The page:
The sense of wonder is retained for most of the opening, taking us through some Matrix-like play with depth perception and some very good stand-alone set-pieces. Something darker begins to emerge, as we see an old woman, begging during the winter and close to death, stalked – or is it protected? – by a strange predatory figure. A butterfly emerges from its cocoon, only to be captured and pinned, transformed into an inanimate specimen.

Photo - Pavla Berezuka

The argument here is not entirely clear - something philosophical and spiritual, about the big bang and the creation of the earth, the explosion of human production, science and the subsequent struggle for existence.

I was left with little more than marvel – although that was quite enough for me (I never see this type of theatre). But rapture is one thing - if the play makes no considered argument, then it remains little more than a distraction. This is a young group, and there is no reason to think that they won’t dig deeper with time, resources, research and persistence.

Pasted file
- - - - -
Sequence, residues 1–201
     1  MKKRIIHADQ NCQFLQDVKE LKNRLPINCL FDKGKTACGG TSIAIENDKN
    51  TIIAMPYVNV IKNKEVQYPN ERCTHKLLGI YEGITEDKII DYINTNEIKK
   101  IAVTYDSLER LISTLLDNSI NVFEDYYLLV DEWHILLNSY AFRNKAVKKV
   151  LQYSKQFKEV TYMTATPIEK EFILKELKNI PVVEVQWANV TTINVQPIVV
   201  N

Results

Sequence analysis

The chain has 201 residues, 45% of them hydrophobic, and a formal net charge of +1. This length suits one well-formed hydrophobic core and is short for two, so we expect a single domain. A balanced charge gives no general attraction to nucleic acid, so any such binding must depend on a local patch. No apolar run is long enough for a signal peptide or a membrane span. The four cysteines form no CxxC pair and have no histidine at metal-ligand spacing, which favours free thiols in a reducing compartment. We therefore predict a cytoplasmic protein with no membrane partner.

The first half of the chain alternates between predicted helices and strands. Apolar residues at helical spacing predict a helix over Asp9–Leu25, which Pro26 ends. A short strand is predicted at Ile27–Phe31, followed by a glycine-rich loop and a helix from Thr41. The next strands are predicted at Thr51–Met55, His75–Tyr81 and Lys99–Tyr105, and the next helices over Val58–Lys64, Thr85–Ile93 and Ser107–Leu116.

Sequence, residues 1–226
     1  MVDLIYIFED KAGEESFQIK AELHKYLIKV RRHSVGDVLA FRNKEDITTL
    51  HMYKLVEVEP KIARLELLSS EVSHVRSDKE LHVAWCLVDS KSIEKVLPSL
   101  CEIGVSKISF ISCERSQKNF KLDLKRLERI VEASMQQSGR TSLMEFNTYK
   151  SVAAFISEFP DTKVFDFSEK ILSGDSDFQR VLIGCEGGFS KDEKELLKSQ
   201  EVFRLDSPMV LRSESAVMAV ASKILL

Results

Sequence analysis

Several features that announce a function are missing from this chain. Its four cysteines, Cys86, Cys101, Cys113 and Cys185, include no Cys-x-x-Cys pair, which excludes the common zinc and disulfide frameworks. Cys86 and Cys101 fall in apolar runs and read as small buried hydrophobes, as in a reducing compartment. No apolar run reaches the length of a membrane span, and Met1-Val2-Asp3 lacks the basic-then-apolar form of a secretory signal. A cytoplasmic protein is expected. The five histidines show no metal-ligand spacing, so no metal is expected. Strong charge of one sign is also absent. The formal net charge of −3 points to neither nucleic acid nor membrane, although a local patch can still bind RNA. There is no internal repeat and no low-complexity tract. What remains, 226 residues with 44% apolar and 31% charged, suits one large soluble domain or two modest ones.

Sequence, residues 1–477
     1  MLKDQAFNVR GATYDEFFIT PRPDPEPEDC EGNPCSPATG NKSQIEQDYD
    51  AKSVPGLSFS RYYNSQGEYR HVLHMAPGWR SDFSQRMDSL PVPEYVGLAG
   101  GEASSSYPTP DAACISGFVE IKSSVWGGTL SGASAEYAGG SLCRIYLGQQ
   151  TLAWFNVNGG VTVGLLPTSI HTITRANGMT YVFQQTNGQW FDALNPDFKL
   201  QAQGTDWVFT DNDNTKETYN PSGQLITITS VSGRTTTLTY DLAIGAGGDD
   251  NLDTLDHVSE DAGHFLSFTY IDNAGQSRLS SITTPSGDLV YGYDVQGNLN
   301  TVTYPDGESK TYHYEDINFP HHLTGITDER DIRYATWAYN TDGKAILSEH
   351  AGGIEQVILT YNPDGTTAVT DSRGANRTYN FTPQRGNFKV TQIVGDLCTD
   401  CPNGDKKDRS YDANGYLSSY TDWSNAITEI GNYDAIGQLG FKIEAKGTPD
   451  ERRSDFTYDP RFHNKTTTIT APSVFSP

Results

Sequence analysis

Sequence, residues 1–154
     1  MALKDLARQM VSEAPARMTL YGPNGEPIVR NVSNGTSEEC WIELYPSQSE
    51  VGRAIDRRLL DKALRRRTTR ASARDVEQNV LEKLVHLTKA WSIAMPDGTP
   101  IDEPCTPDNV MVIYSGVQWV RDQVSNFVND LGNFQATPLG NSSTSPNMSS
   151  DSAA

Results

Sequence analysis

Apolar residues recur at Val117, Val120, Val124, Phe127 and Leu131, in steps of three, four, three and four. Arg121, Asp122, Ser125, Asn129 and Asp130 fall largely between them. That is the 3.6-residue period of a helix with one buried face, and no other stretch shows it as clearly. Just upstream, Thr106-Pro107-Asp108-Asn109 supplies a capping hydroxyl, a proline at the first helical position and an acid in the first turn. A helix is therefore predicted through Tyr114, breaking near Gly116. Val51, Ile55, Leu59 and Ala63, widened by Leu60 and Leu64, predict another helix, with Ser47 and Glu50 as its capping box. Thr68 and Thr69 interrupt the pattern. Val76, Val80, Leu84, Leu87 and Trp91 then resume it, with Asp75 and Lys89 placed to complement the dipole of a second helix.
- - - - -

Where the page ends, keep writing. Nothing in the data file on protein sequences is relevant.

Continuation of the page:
The Trial, by Franz Kafka
Abandoned night club ‘XXI Century’
Theatre "Kryly halopa" Brest (Belarus)

Are you serious? They’re going to do the show here?

The abandoned night club XXI Century has to be the coolest venue I have ever seen theatre performed in. It reeks of Ukraine, the oversized Soviet architecture, the feeling of abandonment, like a monument to lost vision of the future.

Photo - Pavla Berezuka

When initially perusing the program, I noticed with interest the group Kryly Halopa, from Belarus, were doing a show in the festival, a version of Franz Kafka’s seminal text The Trial, no less, in a country not known for its fair judicial system. I was looking forward to this show more than any other.